Let’s continue our puzzles discussion today with another puzzle type - time measurement using an hourglass.

First understand what an hourglass is - it is a mechanical device used to measure the passage of time. It comprises of two glass bulbs connected vertically by a narrow neck that allows a regulated trickle of sand from the upper bulb to the lower one. The sand takes a fixed amount of time to fall from the upper bulb to the lower bulb. Hourglasses may be reused indefinitely by inverting the bulbs once the upper bulb is empty.

This is what it looks like:

A 10 minute hourglass will let us measure time in intervals of 10 mins. All the sand will flow from the upper bulb to the lower bulb in 10 mins. We can then flip the hourglass and now sand will start flowing again for the next 10 mins and so on. We cannot measure, say 12 mins using just a 10 minute hourglass. But we can measure more time intervals when we have two hourglasses of different times. Let’s see how.

*Puzzle 1: A teacher of mathematics used an unconventional method to measure a 15-minute time limit for a test. He just used 7 and 11-minute hourglasses. During the whole time he turned the hourglasses only 3 times (turning both hourglasses at once counts as one flip).*

Explain how the teacher measured 15 minutes.

Solution: We have a 7 min and an 11 min hourglass. So we can measure time in intervals of 7 min as well as in intervals of 11 mins. But how about this: if both hourglasses start together, at the end of 7 mins, we have 4 mins of sand leftover in the top bulb of the 11 min hourglass. So we can measure 4 mins of time.

Further, if we flip the 7 min hourglass at this time and let it flow for 4 mins, we will have 3 mins of sand leftover and hence can measure a 3 min time interval too and so on…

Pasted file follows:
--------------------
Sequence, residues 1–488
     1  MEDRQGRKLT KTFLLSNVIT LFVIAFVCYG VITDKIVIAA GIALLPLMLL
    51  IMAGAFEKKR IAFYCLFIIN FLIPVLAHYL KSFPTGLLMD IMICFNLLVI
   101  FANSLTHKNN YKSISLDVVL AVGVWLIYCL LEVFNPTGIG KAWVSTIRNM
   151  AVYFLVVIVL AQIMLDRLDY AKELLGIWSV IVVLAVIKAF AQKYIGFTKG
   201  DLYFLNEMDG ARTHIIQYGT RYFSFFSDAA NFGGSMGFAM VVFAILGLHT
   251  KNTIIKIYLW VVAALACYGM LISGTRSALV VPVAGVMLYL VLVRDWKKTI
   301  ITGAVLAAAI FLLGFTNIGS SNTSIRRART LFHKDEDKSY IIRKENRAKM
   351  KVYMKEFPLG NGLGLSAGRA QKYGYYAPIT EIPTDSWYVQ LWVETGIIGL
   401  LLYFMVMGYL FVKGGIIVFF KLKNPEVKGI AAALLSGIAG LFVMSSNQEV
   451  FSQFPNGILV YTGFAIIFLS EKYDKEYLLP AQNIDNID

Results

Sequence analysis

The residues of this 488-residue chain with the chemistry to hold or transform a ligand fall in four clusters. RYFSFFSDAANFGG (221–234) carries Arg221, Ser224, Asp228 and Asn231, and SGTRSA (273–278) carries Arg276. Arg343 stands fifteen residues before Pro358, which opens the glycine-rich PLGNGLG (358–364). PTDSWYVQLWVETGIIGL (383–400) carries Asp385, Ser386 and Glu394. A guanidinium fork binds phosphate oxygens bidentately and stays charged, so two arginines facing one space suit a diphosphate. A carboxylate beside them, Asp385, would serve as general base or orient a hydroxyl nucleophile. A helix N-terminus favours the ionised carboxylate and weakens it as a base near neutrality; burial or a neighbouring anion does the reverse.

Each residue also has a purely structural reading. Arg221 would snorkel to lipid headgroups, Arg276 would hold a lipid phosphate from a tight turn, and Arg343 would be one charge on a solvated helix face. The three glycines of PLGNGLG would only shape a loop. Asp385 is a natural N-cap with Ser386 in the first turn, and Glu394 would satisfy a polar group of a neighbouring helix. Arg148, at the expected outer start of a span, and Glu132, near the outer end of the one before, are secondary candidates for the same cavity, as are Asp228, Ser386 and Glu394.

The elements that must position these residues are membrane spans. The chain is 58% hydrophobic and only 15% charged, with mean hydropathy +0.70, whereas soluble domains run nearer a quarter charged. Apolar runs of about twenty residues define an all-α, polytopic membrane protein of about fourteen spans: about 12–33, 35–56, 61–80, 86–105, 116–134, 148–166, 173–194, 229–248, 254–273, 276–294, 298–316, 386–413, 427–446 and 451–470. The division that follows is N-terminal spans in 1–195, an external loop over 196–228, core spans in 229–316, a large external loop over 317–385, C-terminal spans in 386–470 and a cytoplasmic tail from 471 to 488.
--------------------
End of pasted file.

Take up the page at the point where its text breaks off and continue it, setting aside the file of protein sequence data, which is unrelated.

Now, let’s see how we will measure 15 mins using a 7 min and an 11 min hourglass.

Start both 7 min and 11 min hourglasses. After the top bulb of the 7 min hourglass is empty, flip it. At this time, we have 4 min worth of sand in the top bulb of the 11 min hourglass. When the top bulb of the 11 min hourglass is empty, the bottom bulb of 7 min hourglass has 4 mins worth of sand.

11 mins have passed till now.

Now simply flip the 7 min hourglass again and let it run for 4 mins.

This is how we measure 11 + 4 = 15 mins of time.

Let’s look at another one.

*Puzzle 2: Having 2 hourglasses, a 7 minute one and a 4 minute one, how can you correctly time 9 minutes?*

Solution: Now we need to measure 9 mins using two hourglasses of 7 min and 4 min. We need to measure a time interval of 9 mins.

Start both the hourglasses. After 4 mins pass, we have all sand of the top bulb of the 4 min hourglass in the lower bulb. Flip the 4 min hourglass. In the 7 min hourglass, there is 3 min worth of sand in the upper bulb.

After 3 mins, all sand from the 7 min hourglass will be in the lower bulb and 1 min worth of sand will be in the upper bulb of the 4 min hourglass.

This is when our 9 min interval will start.

The 1 min sand will flow out from the 4 min hourglass.

Flip the 4 min hourglass and let all sand flow out. This will take 4 mins.

Again, flip the 4 min hourglass and let all sand flow out. This will take another 4 mins.

In all, we have measured a 1 + 4 + 4 = 9 min interval.

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